Montana's senior U.S. Senator Max Baucus helped usher the five-year Senate Farm Bill through final passage in the Senate today on a vote of 66 to 27. As a member of the Senate Agriculture Committee, Baucus secured major victories for Montana in the bill, including permanent assistance for ranchers hit by drought and other disasters. Baucus called on the House to act quickly to provide farmers and ranchers with certainty.
The Farm Bill Baucus helped pass out of the Senate today will support 16 million jobs nationwide and cuts spending by about $24 billion .
One in five jobs in Montana are tied to agriculture.
"The Senate Farm Bill provides certainty Montana farmers can take to the bank, and it makes sure our ranchers will always have the support they need when disaster strikes," Baucus said. "I'm calling on the House to act quickly - Montana jobs are counting on us to get this done."
Last year, Montana ranchers suffered the worst drought in more than 50 years.
Baucus created the Livestock Disaster Assistance Program in the 2008 Farm Bill. But they expired in 2011 and were unable to be extended with other short-term farm programs at the end of 2012 because they were separate from the rest of the Farm Bill. Baucus' provision in the Senate Farm Bill backfills the Livestock Disaster Programs to ensure Montana ranchers can get the support they need to recover from last year's drought. It also makes the programs a permanent part of the Farm Bill, so Montana ranchers will never again find themselves left out and having to ask Congress for assistance on an ad hoc basis.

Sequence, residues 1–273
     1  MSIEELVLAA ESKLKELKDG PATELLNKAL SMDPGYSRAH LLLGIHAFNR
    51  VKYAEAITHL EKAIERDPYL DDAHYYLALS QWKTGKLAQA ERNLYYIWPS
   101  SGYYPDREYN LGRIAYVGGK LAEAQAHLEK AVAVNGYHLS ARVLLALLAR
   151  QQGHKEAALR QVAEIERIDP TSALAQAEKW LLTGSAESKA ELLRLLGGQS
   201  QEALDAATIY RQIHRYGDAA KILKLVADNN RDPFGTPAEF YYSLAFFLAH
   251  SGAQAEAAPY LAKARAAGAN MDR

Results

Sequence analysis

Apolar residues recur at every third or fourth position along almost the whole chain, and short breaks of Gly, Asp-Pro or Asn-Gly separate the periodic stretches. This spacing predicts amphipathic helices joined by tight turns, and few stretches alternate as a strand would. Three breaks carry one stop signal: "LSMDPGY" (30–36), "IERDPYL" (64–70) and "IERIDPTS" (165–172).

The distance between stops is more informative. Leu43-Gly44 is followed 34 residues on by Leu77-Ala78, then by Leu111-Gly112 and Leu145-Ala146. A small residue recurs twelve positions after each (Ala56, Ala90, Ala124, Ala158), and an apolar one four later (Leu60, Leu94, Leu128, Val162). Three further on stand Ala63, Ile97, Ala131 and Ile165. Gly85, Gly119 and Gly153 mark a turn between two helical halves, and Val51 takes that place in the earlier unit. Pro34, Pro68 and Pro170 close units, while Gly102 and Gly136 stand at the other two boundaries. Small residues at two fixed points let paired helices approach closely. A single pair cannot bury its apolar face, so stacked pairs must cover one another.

Additional Victories Baucus Secured in the Farm Bill include:
Support for veterans pursuing jobs in farming
Support for timber jobs by combating bark beetle and healthy forests
Continuation of the sugar program, which supports Montana sugar growers and refinery jobs
The last Farm Bill expired September 2012. Last year, Baucus helped usher a five-year Farm Bill (S. 2340) through the Senate with overwhelming, bipartisan support on June 21, 2012. Unfortunately, the House failed to take action on the bill before the end of the year, forcing a short-term extension. That extension expires in September 2013.